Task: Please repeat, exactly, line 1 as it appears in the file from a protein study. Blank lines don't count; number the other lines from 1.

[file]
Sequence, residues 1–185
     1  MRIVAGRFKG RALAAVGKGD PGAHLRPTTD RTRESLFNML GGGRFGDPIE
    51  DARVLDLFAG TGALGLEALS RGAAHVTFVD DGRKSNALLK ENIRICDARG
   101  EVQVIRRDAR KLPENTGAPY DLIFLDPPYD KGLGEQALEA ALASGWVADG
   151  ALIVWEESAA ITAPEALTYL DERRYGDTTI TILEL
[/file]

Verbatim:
Sequence, residues 1–185